God makes special people.

Solomon was not born extraordinary.  It was not obvious that he should be the next king.  There was a lot of controversy over how was going to inherit King David’s throne.  Solomon appears to have been a pretty ordinary choice.  Solomon got the job because of a promise made to his Mom.  Solomon was not extraordinary.

It was God who made Solomon extraordinary.

It was God who gave Solomon his wisdom and understanding and a breadth of mind that exceeded anyone of any time.  God did not need Solomon to fulfill His purposes.  God would not have put all His plans on hold if Solomon had happened to struggle with logic or if math problems stumped him.

God made Solomon special because He had a special purpose for Solomon.

It is good for us all to remember that there are no limits for those who are in Christ Jesus.  God will equip you precisely as you to be for precisely what He has for you to do.   God is looking for at least two qualities in us:

  1. Willingness to step out in faith.  Solomon was willing to accept the throne even though he knew that he was not quite ready.
  2. Humility – Solomon did not take that throne with the idea that he could figure it out.  He knew that he needed God.

That is what it means to live by faith.  We can do nothing without faith.  Yet, anything is possible for God.  What is keeping you from serving God?

Let’s set out in faith, trusting God to accomplish His will through us and to give us what we need, when we need it.

PRAYER: Lord, thank for giving me all good things.  Thank you for giving me all the talents and understanding that I have.  They are all gifts from you.  Father, I give them back to you to be used for your purposes.  Forgive me for being so good at coming us with limitations.  Lord, I can do nothing without you.  I pray Lord that you will fill be with you Spirit and with your understanding.  Help me to see this world with your eyes.  Lord, help me to live by faith in all that I do..     Amen



January 21, 2013

“Yet I will leave seven thousand in Israel, all the knees that have not bowed to Baal, and every mouth that has not kissed him.”  1 Kings 19:18

National Christian Forensics and Communication...

National Christian Forensics and Communications Association (Photo credit: Wikipedia)

My family and I had the privilege to attend and participate in an event over the last four days that has left me greatly encouraged regarding the capable hands that are being prepared for the future.  I believe I have gotten a glimpse of the future and it is good.  It was a glimpse of something that is contrary to so many of the bleak assessments of what the future holds for Christians.  I know of many believers who are prone to become doomsday preppers due to concerns of where our country is going.  I hear a lot of discussions and statistics about implication of the decline of Christianity in Western Societies.  I know the concerns about the next generation; the effects of violence, video games, pornography, disrespect, and laziness.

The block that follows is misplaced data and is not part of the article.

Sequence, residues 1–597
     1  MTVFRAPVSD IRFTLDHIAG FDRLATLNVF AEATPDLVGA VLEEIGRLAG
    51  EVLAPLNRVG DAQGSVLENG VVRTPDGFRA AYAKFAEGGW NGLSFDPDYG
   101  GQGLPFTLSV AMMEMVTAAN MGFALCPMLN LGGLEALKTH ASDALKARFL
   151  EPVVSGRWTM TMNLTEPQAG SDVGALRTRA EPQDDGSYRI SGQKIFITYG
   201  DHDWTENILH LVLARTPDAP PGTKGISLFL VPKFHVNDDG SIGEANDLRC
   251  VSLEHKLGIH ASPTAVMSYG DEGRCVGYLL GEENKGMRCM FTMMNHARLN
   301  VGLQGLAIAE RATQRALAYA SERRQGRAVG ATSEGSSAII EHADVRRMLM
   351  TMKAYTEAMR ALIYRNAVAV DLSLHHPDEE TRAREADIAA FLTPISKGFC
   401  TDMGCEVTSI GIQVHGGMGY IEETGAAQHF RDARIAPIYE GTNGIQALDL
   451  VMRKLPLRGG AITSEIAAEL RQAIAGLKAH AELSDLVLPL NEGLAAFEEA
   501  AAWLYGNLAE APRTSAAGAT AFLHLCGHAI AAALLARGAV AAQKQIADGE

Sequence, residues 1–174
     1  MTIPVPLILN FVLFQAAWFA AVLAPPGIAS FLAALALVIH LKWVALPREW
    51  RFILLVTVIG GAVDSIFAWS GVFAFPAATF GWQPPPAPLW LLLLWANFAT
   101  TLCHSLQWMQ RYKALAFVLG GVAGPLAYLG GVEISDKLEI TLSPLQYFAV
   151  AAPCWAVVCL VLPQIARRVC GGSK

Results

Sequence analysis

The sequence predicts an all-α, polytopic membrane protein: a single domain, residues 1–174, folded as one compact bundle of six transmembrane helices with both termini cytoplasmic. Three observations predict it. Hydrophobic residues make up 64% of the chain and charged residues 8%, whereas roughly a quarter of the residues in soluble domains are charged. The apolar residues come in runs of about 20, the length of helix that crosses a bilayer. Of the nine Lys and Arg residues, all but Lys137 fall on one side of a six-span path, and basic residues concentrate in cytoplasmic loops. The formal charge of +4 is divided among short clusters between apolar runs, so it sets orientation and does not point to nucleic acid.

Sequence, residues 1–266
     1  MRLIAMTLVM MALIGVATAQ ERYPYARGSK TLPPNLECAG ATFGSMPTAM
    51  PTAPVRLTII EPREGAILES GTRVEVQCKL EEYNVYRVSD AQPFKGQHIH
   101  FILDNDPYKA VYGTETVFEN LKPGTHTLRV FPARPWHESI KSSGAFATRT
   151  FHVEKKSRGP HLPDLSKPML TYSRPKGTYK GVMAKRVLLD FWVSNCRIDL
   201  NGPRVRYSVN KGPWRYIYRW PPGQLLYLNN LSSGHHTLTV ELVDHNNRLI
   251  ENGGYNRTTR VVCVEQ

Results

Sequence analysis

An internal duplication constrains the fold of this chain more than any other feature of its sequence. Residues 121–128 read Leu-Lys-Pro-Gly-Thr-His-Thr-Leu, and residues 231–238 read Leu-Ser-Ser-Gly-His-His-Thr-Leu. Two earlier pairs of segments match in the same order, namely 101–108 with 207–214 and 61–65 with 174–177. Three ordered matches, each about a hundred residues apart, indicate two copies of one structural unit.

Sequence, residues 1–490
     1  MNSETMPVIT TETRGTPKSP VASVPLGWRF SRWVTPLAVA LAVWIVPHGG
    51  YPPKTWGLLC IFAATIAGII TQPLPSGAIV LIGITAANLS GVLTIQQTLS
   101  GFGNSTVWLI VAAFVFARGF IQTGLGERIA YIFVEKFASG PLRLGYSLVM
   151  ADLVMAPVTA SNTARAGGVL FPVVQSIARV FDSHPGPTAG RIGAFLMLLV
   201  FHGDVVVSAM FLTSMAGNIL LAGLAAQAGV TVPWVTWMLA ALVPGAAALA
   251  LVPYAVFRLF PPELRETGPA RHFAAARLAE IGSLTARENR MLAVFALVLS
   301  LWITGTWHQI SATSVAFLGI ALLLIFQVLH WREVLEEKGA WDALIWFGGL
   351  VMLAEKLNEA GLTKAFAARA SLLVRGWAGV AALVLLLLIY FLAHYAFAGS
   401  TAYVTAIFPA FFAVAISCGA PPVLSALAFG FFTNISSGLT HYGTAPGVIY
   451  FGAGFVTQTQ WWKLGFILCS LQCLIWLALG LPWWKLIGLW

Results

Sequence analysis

These last several days I was reminded that God is control of his Church.  He is the one who has always provided His people with the tools they have needed to face the challenges associated with His specific plan.  We have always been provided for.  We always will be provided for.  I think that I might have gotten a glimpse of a very special preparation that God is doing within this next generation.

I spent the last four days at a National Christian Forensics and Communication Association (NCFCA) speech and debate competition in Richland, Washington.  It was the first NCFCA event that I have ever attended.  My wife and I had decided to participate in a local NCFCA club because we thought it would be good exposure for our kids.  I did not fully understand the breadth of preparation that is occurring under the auspices of the NCFCA.  I watched and judged young men and women, ages 12-18, do some remarkable things.  I saw young men walking around in ill-fitting suits that were obviously purchased in hopes of containing six more months of growth and others whose six months were up.  I saw young women walking with the occasional totter of learning the art of walking in heels.  I watched them mill around and interact exactly as the teenagers that they are.

Yet, these young men and women represent a depth that I did not see in my generation and I do not think occurred in my parent’s generation.  The Lord is clearly preparing so many of their hearts in a manner that the fruit is already very evident.

I was so blessed to get to judge one of the Apologetics semifinals.  In apologetics, the competitors are given the choice from three topics, spend about four minutes in preparation, and then they present a six-minute speech.  I was blessed beyond what I had anticipated.  These young people ministered to me through their speeches.  I had not expected that.

I saw a wisp of a young woman, whose posture suggested a reserved spirit not akin to public speaking, push aside her natural shyness.  This young woman engaged me in a discussion of the magnificent glory of God and my purpose in this world.  She discussed a purpose in a deep way beyond the rote memorization of the catechism.  I was encouraged to soak in God’s glory.